Weight-loss drugs are a milestone for the obese but expose health inequity

Weight-loss drugs are a milestone for the obese but expose health inequity

New medications result in much greater weight loss than previous drugs for slimming down.

People who struggle with weight are finding relief with drugs developed for diabetes. But access to the medications is revealing health-care inequities.

Rachel Graham has battled excess weight for years, cycling through trendy diets, various drugs, even bariatric surgery. Nothing worked for long. But last summer, she started a new medication, and today is 40 pounds lighter — and still shedding weight.

How To Get Mounjaro Prescription For Weight Loss

“It used to be that if I saw food, I would want to eat it,” said the 54-year-old Graham, who is 5-foot-7 and 190 pounds. “Now, if I have three or four bites of food, I don’t want to eat more.”

The drug she’s taking, Mounjaro by Eli Lilly, is part of a new crop of therapies that experts are hailing as a medical milestone — a long-sought way to transform the treatment of obesity, one of the nation’s most serious health threats.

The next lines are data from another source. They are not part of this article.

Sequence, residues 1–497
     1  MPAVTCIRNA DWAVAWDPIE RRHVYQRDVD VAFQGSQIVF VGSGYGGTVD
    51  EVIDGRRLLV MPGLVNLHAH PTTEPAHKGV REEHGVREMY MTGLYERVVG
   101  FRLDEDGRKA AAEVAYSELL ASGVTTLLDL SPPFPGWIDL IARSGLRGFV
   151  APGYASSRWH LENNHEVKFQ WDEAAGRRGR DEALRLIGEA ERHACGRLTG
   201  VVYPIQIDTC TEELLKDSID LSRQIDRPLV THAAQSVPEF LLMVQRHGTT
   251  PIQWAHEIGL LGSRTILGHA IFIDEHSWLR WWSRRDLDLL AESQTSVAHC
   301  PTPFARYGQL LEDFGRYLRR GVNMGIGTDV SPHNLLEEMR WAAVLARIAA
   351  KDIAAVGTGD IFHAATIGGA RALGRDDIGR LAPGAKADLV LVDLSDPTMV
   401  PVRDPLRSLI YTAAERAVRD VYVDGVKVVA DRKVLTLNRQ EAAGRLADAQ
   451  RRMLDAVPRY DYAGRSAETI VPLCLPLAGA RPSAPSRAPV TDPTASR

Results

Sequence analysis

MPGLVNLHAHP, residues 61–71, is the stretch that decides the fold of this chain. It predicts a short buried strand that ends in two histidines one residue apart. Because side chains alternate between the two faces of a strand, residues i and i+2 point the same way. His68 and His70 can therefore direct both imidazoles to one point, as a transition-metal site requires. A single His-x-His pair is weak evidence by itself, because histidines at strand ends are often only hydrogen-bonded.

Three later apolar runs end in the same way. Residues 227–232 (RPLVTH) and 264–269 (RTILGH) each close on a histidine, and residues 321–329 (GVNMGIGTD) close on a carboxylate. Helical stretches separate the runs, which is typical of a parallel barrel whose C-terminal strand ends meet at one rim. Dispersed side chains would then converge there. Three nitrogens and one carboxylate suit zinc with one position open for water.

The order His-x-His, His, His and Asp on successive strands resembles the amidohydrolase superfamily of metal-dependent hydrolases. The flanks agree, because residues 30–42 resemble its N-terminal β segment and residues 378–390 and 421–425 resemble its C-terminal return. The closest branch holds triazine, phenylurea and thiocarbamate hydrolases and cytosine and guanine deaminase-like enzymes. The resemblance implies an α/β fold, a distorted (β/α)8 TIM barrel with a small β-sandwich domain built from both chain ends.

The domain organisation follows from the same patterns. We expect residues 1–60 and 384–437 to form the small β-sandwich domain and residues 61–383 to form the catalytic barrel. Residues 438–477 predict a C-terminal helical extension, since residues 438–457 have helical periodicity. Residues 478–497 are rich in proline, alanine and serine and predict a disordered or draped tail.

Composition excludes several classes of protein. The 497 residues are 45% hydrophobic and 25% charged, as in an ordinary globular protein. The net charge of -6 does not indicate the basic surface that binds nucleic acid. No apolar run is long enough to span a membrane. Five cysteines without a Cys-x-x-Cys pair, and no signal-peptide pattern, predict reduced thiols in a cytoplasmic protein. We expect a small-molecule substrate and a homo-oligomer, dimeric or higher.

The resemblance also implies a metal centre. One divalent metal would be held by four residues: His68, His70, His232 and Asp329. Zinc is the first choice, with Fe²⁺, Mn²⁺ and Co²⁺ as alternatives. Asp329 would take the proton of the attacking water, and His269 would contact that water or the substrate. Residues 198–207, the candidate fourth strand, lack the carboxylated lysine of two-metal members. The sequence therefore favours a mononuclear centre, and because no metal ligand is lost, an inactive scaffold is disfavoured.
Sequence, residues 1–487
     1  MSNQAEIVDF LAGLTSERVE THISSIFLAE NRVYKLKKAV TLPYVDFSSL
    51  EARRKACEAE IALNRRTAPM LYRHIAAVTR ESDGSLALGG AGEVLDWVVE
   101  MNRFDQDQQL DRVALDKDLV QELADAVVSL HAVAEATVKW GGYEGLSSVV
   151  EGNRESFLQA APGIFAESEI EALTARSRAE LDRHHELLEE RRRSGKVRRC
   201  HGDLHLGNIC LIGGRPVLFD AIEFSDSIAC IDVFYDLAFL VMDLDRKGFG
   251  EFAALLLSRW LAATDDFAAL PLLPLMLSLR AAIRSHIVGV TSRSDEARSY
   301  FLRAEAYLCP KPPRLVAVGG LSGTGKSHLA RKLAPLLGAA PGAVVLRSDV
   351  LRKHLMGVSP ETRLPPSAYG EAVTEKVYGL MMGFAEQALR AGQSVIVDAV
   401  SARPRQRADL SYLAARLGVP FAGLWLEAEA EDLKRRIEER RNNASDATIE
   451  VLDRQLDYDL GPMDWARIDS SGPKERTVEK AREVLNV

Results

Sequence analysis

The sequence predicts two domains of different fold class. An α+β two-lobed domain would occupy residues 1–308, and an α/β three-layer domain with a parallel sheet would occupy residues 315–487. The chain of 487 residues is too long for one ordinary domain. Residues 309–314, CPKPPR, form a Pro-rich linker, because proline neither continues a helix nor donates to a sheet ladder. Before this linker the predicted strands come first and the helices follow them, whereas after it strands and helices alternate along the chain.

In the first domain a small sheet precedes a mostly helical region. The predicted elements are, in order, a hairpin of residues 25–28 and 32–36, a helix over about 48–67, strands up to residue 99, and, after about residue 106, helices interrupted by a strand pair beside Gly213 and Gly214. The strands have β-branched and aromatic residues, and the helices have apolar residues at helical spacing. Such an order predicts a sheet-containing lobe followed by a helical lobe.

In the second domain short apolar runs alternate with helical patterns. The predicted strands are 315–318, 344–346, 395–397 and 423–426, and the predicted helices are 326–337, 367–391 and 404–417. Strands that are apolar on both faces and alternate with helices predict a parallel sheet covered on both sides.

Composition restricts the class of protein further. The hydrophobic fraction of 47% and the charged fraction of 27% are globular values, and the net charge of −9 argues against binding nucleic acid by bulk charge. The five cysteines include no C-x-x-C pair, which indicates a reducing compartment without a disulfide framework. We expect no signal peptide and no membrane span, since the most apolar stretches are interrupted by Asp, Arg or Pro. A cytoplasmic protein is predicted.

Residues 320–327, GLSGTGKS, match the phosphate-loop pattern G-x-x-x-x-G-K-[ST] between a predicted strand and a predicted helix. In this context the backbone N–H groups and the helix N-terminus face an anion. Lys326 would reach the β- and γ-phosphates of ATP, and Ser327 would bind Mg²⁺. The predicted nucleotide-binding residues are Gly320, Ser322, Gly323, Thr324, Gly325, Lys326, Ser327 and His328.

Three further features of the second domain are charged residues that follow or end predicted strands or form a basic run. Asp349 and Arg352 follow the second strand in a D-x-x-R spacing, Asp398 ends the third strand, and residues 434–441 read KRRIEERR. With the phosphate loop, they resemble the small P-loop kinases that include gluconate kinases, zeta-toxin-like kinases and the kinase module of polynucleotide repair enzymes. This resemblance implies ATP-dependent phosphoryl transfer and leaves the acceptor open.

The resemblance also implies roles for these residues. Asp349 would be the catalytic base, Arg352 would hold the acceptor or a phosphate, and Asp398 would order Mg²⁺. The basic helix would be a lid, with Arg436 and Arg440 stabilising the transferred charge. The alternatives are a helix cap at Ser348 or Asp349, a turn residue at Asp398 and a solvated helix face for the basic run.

Designed for diabetes but used for obesity at higher doses, the medications induce loss of 15 to 22 percent of body weight on average — more than enough to significantly reduce cardiovascular and other health risks. That makes them far superior to old-style diet pills that delivered smaller benefits along with nasty side effects such as high blood pressure and loose stools.

But during the past year, soaring demand for the drugs has ignited a mad scramble, exposing some of the most persistent problems in the nation’s health-care system, including supply shortages, high costs and health-care inequities.

Tensions are surging as patients with diabetes and those with weight problems sometimes compete for the same medications, which are self-administered in weekly injections. Some doctors worry that the drugs, which might have to be taken for life, will overshadow the need for lifestyle changes involving diet and exercise.

Zhaoping Li, a professor of medicine and chief of the division of clinical nutrition at the University of California at Los Angeles, said the new drugs represent important tools but are not a silver bullet.

“I don’t want people to lose their attention on the fundamental issue — we really need to help each individual have the best lifestyle for their bodies and themselves,” Li said.

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